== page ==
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Program Directory

Big Picture Science

There’s no place like ome.” Your micro­bio­me is high­ly influ­en­tial in deter­min­ing your health. But it’s not the only ome” doing so. Your expo­some – envi­ron­men­tal expo­sure over a life­time – also plays a role. 

Hear how sci­en­tists hope to cal­cu­late your entire expo­some, from food to air pol­lu­tion to water contamination.

Plus, new research on the role that microbes play in the devel­op­ment of neu­ro­log­i­cal dis­eases such as Parkinson’s, and the hot debate about when microbes first col­o­nize the body. Could a fetus have its own microbiome?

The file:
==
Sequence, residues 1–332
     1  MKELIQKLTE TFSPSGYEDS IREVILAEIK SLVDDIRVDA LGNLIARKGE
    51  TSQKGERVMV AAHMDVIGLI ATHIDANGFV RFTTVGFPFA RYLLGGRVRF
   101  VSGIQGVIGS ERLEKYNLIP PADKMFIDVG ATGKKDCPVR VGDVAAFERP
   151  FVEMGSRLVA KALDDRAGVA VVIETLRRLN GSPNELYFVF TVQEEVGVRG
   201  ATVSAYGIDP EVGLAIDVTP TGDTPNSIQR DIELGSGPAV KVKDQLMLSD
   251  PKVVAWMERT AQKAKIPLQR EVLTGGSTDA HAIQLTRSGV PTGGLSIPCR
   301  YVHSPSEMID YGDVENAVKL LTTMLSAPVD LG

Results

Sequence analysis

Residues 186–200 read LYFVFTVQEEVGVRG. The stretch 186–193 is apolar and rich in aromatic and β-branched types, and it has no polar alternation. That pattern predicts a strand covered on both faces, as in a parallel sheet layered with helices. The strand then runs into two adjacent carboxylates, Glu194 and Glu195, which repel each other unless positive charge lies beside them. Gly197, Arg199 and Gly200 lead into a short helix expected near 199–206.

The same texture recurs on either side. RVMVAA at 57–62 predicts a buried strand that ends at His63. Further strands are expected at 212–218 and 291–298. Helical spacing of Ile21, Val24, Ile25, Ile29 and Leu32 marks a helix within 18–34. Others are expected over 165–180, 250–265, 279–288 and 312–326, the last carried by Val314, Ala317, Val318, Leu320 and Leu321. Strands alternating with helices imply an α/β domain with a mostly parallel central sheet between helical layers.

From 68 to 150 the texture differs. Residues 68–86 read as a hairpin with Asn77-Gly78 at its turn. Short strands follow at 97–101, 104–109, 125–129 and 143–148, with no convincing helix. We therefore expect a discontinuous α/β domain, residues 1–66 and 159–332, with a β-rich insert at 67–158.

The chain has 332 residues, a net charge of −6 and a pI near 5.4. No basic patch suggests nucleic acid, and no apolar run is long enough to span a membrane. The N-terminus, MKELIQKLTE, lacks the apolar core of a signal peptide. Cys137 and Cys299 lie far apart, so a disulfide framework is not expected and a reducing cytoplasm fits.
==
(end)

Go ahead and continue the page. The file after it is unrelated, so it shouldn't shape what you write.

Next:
Also, choose your friends wise­ly: stud­ies of microbe-swap­ping gazelles reveal the ben­e­fits – and the down­sides – of being social. 

And, why sen­sors on future toi­lets will let you do micro­bio­me analy­sis with every flush.


  • Rob KnightPro­fes­sor of Pedi­atrics, Com­put­er Sci­ence and Engi­neer­ing, and Direc­tor of the Cen­ter for Micro­bio­me Inno­va­tion at the Uni­ver­si­ty of Cal­i­for­nia, San Diego
  • Vanes­sa Ezen­waEcol­o­gist at the Uni­ver­si­ty of Georgia

  • Indi­ra MysorekarMicro­bi­ol­o­gist at Wash­ing­ton Uni­ver­si­ty in St. Louis, Missouri

  • Gary MillerPro­fes­sor of pub­lic health at the Rollins School of Pub­lic Health and direc­tor of the HER­CULES Expo­some Research Cen­ter at Emory Uni­ver­si­ty. After August 2018, his lab will be at Colum­bia University.